Ultima Vez in Wim Vandekeybus's What the Body Does Not Remember (photo © Danny Willems)

Ultima Vez in Wim Vandekeybus’s What the Body Does Not Remember (photo © Danny Willems)

If I could collect and access my favourite dance performances as easily as I can my favourite music on an iPod, Ultima Vez’ What the Body Does Not Remember would be one of them. The era in which it was created — the latter half of the eighties — was one in which many creators were devising dance-theatre works with a rich, contradictory vocabulary of tension, harmony, tearing apart and coming together. Many social and political barriers were beginning to fall (not least of which the Berlin Wall at the end of the decade) and dance was part of that tectonic change. In the same year (1987) Wim Vandekeybus first presented What the Body Does Not Remember, Pina Bausch’s Palermo Palermo opened prophetically with the collapse of a huge wall filling the entire proscenium arch. Vandekeybus was clearly not working in a vacuum; he was tuned in through contemporary philosophy (particularly the social theorist Jean Baudrillard) to an understanding of his time and he developed a movement language that was a highly physical expression of emotional turmoil, chaos and freedom from establishment ethics. It was in the same period in Montreal (where I was living at the time) that Édouard Lock created Human Sex (1985) for LaLaLa Human Steps (with the extraordinary Louise Lecavalier) and Gilles Maheu created Le Dortoir (1988) for his company Carbone 14, in both of which action prevailed over narrative to provide thrilling, visceral spectacles that caught the public imagination and propelled their creators to mythic status overnight. Vandekeybus took the dance world by storm with What the Body Does Not Remember and he has since continued to make works in theatre, film and dance. It is not often his work is seen here (most recently at Southbank Centre with his booty Looting in 2013) but fortunately someone at Dance Touring Partnership loves his work, for DTP toured Blush in 2004 and Spiegel in 2007 (the last time Ultima Vez was at Sadler’s Wells). For those outside London who want to see What the Body Does Not Remember, these performances are just the beginning of an extensive UK tour.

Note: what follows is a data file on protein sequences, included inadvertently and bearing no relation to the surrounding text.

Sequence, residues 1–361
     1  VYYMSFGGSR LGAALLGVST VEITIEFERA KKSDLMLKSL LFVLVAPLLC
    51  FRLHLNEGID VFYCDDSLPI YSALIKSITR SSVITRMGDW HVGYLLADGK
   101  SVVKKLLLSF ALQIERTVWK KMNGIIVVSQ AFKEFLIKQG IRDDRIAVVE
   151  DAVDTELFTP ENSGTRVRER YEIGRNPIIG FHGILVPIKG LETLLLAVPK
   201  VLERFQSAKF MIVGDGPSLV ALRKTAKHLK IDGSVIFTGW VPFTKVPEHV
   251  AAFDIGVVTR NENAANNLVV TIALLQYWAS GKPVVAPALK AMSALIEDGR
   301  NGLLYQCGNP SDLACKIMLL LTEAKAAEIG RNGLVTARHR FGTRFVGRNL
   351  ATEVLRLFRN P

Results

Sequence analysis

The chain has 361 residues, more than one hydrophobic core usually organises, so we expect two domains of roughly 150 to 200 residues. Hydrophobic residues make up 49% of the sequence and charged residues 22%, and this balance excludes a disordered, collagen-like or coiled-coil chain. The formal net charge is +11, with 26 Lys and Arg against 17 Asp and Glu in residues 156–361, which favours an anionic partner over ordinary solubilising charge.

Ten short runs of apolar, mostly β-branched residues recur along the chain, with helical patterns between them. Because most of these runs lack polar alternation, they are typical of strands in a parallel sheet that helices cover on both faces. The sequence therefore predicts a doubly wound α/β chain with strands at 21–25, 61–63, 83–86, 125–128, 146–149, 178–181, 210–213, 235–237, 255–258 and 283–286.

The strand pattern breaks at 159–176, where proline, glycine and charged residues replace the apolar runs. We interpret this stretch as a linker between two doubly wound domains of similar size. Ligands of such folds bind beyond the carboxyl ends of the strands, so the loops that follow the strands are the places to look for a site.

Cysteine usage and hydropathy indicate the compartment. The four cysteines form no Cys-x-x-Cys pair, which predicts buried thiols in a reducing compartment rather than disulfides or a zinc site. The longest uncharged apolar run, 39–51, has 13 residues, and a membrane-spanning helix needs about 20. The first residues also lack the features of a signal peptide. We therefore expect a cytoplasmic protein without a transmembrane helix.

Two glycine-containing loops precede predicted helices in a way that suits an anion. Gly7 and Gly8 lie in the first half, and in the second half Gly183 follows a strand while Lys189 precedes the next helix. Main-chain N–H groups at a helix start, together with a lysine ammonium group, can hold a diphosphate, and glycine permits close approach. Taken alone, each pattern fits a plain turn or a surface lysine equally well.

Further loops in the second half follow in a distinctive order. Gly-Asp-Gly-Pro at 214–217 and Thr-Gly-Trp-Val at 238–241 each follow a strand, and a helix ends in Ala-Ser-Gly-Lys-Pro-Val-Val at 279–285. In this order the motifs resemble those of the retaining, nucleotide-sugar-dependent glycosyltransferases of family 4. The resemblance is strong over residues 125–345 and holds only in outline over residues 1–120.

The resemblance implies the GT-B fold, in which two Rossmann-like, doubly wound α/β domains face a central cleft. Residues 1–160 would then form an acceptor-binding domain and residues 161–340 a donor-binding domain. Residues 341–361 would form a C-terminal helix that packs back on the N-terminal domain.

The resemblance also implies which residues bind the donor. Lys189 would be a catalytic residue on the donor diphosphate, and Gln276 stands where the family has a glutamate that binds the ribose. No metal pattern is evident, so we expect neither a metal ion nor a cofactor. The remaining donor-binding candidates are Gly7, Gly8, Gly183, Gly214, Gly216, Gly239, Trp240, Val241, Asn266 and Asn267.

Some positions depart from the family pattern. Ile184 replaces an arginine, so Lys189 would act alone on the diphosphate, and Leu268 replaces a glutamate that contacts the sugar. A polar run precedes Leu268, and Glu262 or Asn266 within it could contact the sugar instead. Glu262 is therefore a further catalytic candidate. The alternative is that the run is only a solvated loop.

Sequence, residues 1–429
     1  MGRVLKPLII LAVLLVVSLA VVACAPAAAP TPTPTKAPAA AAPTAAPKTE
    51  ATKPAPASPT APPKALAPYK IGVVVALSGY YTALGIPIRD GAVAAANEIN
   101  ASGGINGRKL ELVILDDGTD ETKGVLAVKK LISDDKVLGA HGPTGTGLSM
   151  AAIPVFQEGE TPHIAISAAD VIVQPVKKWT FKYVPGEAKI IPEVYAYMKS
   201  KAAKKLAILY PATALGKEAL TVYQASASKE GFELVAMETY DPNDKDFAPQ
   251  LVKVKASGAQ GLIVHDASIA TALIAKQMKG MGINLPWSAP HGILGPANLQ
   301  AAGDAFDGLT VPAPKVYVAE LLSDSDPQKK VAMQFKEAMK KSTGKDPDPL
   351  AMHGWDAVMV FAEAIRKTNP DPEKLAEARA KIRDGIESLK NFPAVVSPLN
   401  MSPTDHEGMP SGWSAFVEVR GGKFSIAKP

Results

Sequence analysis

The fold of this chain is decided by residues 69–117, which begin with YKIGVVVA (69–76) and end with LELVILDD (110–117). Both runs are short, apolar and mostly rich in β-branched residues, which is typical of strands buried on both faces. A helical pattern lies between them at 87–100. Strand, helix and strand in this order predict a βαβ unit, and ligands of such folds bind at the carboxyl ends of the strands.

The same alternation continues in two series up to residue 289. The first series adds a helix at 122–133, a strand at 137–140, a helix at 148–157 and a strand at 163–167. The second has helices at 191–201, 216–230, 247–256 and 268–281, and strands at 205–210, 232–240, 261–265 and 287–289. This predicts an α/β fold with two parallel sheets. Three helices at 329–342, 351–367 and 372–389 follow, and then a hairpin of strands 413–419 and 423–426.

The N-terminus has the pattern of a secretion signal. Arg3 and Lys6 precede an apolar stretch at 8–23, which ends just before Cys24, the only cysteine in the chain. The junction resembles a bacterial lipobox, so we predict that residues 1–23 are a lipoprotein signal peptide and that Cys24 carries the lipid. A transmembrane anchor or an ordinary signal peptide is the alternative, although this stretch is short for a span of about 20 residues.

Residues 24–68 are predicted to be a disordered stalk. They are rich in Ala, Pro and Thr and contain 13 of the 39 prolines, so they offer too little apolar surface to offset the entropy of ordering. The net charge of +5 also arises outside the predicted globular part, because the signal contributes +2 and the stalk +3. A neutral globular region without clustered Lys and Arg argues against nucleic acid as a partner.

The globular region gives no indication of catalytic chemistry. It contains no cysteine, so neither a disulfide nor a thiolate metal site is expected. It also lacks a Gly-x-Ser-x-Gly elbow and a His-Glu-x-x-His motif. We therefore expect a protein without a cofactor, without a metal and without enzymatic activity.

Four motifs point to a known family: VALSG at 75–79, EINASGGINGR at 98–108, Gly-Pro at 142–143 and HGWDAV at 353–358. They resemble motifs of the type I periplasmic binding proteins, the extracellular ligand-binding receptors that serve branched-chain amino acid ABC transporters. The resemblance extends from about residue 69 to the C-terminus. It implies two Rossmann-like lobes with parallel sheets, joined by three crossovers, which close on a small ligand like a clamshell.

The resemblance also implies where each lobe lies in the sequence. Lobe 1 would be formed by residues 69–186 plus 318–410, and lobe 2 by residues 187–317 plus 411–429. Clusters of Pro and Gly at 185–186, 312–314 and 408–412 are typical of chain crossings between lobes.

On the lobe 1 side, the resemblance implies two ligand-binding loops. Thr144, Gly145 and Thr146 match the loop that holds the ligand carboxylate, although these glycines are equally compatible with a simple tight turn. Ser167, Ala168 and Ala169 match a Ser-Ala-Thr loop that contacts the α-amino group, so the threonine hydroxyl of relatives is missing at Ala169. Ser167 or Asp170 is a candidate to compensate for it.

This version is a revival with a fine new cast of dancers who clearly enjoy the challenge and, for the London performances only, with live accompaniment by ICTUS of Thierry de Mey and Peter Vermeersch’s brilliantly percussive score (there is even an encore of De Mey’s Musique de Tables, a composition for six hands on three tables).